How to do cohort analysis in Excel

Here is an ultimate guide on what information do you need to collect and how to use this in data later on to do cohort analysis in Excel.

What to collect

I will separate this information to two sets – minimal requirements and additional information that can be handy

At minimum, you have to collect information about every payment made by your customers for your service. Here is a list of attributes you will be looking for:

  1. Customer ID – some unique string that can be used as an identifier for your customer. If you are in a business-to-business, tax id could be a good candidate.
  2. Service Start At – a first day customer has access to your service because of this payment.
  3. Service End Date – when access to the service customer paid for ends.
  4. Total Amount Paid – how much money in total customer paid you in this transaction
  5. Monthly amount – this is easy to calculate as Total Amount Paid / Number of Month Paid for
  6. Revenue Type – if you are in a recurring revenue business, you have to separate revenue that you expect to receive regularly (recurring) from revenue that is paid only once (one-time). Usually one-time revenue is revenue the customer pays you for Professional Services engagements or onboarding.

Additional attributes that can help you to enhance your analytics:

  1. Invoice ID – basically something that will help you track back to the original invoice, which has more details about this payment.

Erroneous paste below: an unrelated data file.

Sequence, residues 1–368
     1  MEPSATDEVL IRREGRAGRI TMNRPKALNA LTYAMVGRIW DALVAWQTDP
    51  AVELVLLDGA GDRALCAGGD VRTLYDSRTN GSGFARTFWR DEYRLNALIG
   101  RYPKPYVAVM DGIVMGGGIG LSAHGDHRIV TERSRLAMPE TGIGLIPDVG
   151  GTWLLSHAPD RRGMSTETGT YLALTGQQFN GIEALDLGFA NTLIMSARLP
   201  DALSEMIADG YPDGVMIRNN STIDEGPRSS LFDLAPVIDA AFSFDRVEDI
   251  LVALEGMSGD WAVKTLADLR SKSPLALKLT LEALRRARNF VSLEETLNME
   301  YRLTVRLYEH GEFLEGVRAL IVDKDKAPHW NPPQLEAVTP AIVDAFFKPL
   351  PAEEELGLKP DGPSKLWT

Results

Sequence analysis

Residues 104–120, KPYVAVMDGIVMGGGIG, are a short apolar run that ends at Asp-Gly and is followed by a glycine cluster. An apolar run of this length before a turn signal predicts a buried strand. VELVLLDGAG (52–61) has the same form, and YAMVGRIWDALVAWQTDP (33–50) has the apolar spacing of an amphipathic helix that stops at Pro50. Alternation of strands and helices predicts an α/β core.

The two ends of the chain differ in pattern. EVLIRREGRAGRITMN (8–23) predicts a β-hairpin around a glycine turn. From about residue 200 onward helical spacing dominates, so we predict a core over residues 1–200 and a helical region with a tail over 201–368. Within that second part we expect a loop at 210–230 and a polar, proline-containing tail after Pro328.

2. Product Name – this comes very handy if you are selling more than 1 product or plan. It will allow you to segment your revenue by this name
  3. Any information about your customer – such as country / industry or business size – this attributes will allow you to understand your business deeper by segmenting results.
  4. Original Currency and paid values in original currency – if you are receiving payments in multiple currencies, you will need to convert them into one currency. You can either select one conversion rate for all data, or use Google Spreadsheets GOOGLEFINANCE formula

Where do I store this data

If you have around 50-70 customer – Excel or Google Spreadsheet may be a good place to start with.

Probe is also a perfect place for such information that can automate not only collecting this data, but also take care of all the updates and analytics on your behalf.

When it comes to keeping this information up-to-date, if the number of customers is tiny – consider doing it manually once a month. When it becomes tricky due to your scale Probe can help you.

How to calculate my metrics

Once you have all of your data in Sheets. You can use our Probe Google Spreadsheet plugin. It will take care of all the calculations for you.

All you need to do is to push this data inside Google Spreadsheet and give column headers correct names as below. It is important that headers match exactly the name specified in the list. Probe plugin uses this strings as keys to identify what data stored whee.

  1. customerid – your customer id goes here